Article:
It has clean tailored lines and a surprising back.
Wait comes in a wide range of sizes ranging from 37" up to 57.75". These are finished garment measurements. The cardigan is measured across the back and then doubled. So I would recommend measuring across you back - armpit to armpit. Double that number and compare it to the measurements in the pattern. Think about how that would fit around your body. Waits is an open cardigan so it's more about how much coverage and drape you want from the front edge rather than buttoning it up (although it would look lovely with a brooch or pin to close it).
Our shop sample is 37" and I've photographed it on the 38" mannequin.
But... our mannequin doesn't have arms and I would strongly suggest you check your upper arm measurement against those in the pattern. Waits is a neat fitting cardigan but you'll want to ensure its not too neat around your upper arms and armpit.
It's also worth looking at the length of the cardigan. Again this measurement is given in the pattern and there are instructions on how to lengthen the body. I would recommend you read the pattern through and highlight these instructions in case you need them.
The beauty of Waits is that it is knitted seamlessly from the top down so you can try it on as you knit it and get a sense of how it fits. Now, I didn't knit Waits so I was initially confused about how it is constructed, imagining lots of short rows, picking up stitches and at least one provisional cast on. But no! I have been reliable informed by Nicola, who did knit it, that it's actually quite straightforward.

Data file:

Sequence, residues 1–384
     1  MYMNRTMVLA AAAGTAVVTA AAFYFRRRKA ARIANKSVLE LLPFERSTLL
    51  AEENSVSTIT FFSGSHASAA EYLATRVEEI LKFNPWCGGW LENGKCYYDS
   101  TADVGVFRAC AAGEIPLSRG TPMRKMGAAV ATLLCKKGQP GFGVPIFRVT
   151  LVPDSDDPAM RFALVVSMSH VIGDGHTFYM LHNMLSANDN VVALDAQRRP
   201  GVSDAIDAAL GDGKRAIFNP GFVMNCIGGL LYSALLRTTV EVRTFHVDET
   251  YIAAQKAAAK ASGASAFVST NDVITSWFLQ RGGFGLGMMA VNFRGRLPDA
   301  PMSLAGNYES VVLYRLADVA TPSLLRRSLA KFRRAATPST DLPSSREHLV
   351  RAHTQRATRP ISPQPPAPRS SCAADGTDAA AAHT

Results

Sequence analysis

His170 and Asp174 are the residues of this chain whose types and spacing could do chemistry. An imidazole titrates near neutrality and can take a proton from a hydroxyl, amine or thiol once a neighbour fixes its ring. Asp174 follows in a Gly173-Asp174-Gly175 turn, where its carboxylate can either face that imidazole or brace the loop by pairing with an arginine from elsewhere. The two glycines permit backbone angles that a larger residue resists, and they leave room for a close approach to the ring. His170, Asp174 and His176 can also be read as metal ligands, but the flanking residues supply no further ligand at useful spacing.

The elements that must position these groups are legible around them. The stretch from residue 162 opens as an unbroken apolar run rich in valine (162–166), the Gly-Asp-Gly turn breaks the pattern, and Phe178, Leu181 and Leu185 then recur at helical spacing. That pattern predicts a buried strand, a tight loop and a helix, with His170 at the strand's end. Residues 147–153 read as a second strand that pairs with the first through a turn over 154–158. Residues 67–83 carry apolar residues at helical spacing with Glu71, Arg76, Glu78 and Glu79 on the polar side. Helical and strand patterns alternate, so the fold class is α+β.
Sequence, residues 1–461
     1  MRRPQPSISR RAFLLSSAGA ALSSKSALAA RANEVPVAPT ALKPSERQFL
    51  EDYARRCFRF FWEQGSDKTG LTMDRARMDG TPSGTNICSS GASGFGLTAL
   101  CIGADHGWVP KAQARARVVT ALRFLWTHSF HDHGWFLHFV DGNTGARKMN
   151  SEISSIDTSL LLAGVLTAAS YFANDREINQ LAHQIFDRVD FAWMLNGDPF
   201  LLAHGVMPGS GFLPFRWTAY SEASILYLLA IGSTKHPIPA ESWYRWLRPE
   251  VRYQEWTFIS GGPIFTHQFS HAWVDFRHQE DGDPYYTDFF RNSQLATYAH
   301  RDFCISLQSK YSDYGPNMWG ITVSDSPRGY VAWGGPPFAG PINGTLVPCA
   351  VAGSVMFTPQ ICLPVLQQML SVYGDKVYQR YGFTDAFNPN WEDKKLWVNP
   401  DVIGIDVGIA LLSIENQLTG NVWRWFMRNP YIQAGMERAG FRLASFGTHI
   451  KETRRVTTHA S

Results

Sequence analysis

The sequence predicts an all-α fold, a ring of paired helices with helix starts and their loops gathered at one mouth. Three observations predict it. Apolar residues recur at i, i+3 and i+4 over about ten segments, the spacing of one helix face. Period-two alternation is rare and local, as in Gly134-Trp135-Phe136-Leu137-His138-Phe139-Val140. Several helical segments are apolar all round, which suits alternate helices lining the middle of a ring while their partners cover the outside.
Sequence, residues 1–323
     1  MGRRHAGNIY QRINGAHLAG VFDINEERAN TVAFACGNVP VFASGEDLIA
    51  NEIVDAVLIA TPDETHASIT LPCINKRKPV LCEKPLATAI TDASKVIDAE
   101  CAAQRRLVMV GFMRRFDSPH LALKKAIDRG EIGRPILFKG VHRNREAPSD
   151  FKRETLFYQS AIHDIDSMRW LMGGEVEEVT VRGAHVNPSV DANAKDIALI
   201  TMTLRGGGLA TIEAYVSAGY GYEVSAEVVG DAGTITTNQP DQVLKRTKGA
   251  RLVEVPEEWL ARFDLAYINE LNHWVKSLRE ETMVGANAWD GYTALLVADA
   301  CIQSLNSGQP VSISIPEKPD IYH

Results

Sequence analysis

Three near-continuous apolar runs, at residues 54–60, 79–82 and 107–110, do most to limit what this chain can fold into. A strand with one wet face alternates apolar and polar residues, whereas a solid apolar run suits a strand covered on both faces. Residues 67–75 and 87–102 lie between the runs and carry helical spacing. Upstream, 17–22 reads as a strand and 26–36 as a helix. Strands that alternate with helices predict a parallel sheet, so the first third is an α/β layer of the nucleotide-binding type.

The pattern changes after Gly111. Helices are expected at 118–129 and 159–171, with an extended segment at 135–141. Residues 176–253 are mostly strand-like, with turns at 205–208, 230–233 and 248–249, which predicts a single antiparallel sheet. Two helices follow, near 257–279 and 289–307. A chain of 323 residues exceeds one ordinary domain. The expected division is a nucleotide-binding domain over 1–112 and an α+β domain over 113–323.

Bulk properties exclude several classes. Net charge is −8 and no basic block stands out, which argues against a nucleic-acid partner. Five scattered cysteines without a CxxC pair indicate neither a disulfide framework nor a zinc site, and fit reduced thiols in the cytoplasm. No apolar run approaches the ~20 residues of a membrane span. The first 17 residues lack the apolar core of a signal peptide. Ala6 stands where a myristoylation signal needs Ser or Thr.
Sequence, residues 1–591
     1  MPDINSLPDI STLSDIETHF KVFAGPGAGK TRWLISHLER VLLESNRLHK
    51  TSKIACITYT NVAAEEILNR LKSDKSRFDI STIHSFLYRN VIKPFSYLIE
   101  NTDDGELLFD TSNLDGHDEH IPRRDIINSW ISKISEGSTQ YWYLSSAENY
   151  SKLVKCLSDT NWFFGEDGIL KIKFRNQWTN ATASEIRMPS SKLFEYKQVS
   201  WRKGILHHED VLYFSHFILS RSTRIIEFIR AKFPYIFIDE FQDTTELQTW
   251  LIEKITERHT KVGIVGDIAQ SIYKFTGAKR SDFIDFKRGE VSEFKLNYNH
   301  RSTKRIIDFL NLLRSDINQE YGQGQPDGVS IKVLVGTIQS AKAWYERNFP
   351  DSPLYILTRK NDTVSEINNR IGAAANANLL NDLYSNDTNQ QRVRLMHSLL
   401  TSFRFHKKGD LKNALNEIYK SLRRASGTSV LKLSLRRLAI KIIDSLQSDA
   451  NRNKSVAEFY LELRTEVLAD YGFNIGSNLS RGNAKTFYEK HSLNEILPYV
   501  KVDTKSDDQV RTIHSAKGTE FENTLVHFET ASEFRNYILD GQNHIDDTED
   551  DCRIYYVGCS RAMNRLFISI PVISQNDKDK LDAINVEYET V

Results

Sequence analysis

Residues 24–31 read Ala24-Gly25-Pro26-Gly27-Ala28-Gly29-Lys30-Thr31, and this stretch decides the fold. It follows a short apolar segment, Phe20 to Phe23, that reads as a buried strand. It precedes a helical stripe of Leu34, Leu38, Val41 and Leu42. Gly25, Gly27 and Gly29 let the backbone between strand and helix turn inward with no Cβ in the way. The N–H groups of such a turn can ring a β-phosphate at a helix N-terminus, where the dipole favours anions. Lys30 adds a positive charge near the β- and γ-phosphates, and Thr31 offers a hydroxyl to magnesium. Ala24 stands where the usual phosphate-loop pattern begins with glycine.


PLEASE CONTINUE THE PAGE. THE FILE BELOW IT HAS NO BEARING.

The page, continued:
One thing that immediately made it make sense is that you cast on the full front edge/neck... marked in red. 👇
You then use stitch markers to separate the front, sleeves and back. Make sure you place these stitch markers where the pattern tells you then just follow the instructions. It combines stocking stitch and garter stitch to create texture and movement with simple mitred shaping.
There is no picking up stitches and no sewing up. There are long rows and because of the mitred shaping the cardigan will benefit greatly from blocking to relax the stitches and give a smooth finish.
This Waits was knitted by Nicola in John Arbon Yarnadelic Sport, a 100% British Corriedale wool with amazing colour blends. This colour is called Black Gold of the Sun and it's a complex green shade.
Corriedale is a cross of Merino and Lincoln Longwool sheep. It has a perfect balance of the softness and bounce of Merino combined with the slight lustre and long staple length of Lincoln Longwool.
As a sportweight yarn it is thicker than 4ply but thinner than DK, making a lightweight but substantial fabric. We have over 10 shades in stock and they are so beautiful it's worth seeing them in real life.
Waits would also work in Rowan Felted Tweed which is a light DK yarn. In fact, Rowan Felted Tweed Colour (the multicoloured version) would make a very impressive Waits as the colours would come out at right angles at the mitred shaping.
You can see our selection of John Arbon Yarnadelic Sport here.
From John Arbon Textiles Yarnadelic is a sport weight yarn inspired by music.
Yarnadelic is 100% Falklands Corriedale (a cross of Merino and Lincoln Longwool sheep). It has a perfect balance of the softness and bounce of merino combined with the slight lustre and long staple length of Lincoln Longwool. The yarn has stitch definition and drape creating the ideal all round yarn.
John Arbon Corriedale is farmed in the Falkland Islands – ensuring that the animals have been treated with the utmost care and are free from harmful mulesing. The fibre has then been dyed in the UK and prepared, blended and spun in North Devon.
Each of the shades is named after a specific track. Click here to visit the Yarnadelic Spotify playlist.
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What do you think of our Waits. Will you make one?
Let us know if you need any more info.👇